When it comes to evidence connected to a crime, you’re not allowed to mess with it. If you do, you will be charged with a crime in California.
The issue of what is considered tampering with evidence and how much trouble you can get into for messing with evidence has been a topic of curiosity ever since it was revealed that Aiden Fucci’s mother was arrested and charged with tampering with evidence after she hand-washed a pair of jeans her son was wearing when he murdered a teenage girl.
The idea of tampering with evidence is a broad term. It is used in connection with a variety of things that, include the following:
- Planting evidence
- Altering evidence
- Hiding evidence
- Manufacturing evidence
- Moving evidence
As society has become advanced, tampering with digital evidence has also been included in tampering with evidence charges. You can be charged with tampering with evidence in California if you deliberately erase, edit, or create digital recordings for the purpose of impeding or influencing a criminal investigation.
To Secure a Conviction of Tampering with evidence in California
To secure a tampering with evidence in California conviction, the prosecutor of the case must prove the following:
- That you knew you were tampering with evidence and continued to do so
- That you were tampering with the evidence in an attempt to confuse investigators, implicate someone else of the crime, or somehow alter the potential charges.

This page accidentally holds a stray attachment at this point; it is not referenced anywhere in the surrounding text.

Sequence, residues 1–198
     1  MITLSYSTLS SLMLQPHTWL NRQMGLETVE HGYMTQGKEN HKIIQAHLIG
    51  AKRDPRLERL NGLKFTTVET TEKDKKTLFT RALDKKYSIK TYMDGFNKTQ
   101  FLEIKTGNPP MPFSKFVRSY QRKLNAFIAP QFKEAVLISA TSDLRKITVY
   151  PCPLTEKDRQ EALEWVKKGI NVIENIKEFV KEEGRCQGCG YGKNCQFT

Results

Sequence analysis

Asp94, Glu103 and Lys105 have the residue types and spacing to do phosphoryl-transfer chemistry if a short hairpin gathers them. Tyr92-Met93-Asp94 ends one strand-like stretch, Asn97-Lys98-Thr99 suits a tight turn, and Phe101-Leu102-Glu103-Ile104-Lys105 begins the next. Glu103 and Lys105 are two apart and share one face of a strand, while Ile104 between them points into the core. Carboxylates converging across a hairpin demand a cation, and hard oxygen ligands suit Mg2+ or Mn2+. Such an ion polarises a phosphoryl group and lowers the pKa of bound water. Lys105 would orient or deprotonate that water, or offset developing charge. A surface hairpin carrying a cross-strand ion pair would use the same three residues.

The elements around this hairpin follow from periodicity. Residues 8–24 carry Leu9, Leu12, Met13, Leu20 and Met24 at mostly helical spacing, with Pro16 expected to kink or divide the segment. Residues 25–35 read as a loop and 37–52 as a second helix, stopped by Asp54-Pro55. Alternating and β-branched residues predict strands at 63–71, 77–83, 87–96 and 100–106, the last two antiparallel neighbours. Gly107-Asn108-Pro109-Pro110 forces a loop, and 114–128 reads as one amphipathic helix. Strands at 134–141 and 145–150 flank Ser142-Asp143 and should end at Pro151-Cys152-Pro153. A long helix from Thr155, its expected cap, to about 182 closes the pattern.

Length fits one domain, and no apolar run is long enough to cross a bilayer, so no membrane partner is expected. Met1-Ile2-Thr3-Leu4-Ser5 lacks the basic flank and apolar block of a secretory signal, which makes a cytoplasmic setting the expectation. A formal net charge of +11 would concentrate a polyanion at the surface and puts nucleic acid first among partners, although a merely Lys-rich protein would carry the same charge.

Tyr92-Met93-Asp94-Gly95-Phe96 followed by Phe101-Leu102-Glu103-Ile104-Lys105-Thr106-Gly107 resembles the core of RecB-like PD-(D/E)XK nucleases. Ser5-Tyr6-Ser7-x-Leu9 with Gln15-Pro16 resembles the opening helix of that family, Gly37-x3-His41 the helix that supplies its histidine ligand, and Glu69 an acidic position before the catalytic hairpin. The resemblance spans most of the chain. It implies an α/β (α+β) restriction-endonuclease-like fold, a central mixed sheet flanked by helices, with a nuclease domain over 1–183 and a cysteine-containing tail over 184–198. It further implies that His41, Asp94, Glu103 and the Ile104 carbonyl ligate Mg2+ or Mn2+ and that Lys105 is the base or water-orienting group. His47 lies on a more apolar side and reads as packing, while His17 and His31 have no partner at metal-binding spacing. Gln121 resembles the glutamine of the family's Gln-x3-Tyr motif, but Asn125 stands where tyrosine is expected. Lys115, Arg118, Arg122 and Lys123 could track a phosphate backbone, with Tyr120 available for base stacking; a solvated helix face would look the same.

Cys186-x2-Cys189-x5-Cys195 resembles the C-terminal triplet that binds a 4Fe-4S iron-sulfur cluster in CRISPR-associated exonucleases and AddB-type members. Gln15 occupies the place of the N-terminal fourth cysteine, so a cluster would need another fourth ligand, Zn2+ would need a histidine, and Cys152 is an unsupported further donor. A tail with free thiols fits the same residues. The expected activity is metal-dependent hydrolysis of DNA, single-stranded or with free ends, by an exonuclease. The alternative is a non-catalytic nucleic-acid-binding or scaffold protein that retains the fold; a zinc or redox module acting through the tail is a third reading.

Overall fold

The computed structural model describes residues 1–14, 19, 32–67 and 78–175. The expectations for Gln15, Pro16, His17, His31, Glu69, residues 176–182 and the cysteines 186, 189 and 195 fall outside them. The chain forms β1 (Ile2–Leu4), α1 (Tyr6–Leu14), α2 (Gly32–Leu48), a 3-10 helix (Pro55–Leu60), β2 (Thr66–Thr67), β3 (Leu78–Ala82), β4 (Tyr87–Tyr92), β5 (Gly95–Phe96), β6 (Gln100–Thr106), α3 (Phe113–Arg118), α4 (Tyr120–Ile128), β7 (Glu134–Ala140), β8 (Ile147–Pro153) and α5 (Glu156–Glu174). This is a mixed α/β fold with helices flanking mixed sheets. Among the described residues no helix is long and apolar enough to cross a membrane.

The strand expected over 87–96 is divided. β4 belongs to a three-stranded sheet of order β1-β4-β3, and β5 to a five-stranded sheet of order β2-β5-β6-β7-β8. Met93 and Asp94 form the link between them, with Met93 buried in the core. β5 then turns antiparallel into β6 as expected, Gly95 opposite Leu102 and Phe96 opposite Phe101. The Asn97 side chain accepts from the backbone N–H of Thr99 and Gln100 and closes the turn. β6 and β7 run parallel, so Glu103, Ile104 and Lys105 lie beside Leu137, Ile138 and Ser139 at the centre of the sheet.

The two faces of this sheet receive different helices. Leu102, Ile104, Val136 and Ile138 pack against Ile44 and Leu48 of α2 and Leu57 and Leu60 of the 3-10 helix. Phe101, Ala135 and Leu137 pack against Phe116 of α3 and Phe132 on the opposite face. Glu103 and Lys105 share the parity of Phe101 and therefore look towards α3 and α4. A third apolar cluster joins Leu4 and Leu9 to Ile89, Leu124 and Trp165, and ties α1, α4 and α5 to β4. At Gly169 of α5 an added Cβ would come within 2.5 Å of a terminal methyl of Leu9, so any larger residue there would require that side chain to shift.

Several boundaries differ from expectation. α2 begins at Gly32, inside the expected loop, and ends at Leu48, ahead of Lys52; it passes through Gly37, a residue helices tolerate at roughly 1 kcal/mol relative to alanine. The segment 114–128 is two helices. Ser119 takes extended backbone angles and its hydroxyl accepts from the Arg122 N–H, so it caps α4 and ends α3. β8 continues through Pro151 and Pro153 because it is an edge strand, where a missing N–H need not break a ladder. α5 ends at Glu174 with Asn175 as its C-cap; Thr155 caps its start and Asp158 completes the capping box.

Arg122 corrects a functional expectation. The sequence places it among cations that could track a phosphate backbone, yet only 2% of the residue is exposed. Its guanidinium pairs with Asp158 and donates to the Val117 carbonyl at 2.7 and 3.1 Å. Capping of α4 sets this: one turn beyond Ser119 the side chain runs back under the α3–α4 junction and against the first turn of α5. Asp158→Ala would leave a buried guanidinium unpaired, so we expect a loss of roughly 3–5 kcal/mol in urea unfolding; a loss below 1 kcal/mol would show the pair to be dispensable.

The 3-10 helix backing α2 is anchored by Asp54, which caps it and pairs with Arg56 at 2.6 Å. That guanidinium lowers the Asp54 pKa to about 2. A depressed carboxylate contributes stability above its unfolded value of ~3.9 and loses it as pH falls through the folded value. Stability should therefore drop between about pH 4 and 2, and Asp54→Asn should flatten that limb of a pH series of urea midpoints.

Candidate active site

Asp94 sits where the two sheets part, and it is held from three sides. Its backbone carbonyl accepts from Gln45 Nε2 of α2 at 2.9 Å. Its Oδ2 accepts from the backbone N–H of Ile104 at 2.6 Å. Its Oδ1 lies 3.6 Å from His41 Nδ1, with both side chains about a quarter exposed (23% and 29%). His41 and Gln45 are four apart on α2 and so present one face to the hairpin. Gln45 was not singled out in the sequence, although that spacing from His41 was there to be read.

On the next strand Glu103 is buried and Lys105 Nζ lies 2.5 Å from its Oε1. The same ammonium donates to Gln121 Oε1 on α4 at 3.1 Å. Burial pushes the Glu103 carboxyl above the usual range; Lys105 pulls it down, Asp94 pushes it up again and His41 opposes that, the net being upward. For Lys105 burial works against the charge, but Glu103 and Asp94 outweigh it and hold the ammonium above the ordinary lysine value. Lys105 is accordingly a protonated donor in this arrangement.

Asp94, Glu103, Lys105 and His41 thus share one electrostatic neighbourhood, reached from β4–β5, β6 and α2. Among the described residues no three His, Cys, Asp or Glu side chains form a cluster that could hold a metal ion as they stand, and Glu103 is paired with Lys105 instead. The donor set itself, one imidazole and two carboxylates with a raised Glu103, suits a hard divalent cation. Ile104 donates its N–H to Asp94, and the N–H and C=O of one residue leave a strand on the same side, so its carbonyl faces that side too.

It isn’t always easy for the prosecution to prove their case. The biggest challenge connected to securing a tampering with evidence conviction in California is proving that evidence was tampered with but showing that you knew you were doing something to evidence linked to a crime. In many cases, it’s difficult to determine that the defendant knew that they were doing something to provide evidence of a crime and not simply responding to a mess. For example, it’s not a crime to see a pile of dirty laundry and wash it. However, it is a crime to wash that same pile of laundry if you know it contains evidence of criminal activity. Proving that you knew you were potentially washing away vital evidence is tricky.
If you think that tampering with evidence in California is a felony, you’re not alone. It seems like it should be a felony crime, but in California, it’s handled as a misdemeanor. If you’re convicted, you could be sentenced to up to six months in jail and/or ordered to pay a $1,000 fine.
The exception to tampering with evidence cases being handled as misdemeanors is if the defendant is a law enforcement official. Law enforcement officials who tamper with evidence in California face felony charges and could be sentenced to as much as five years in prison.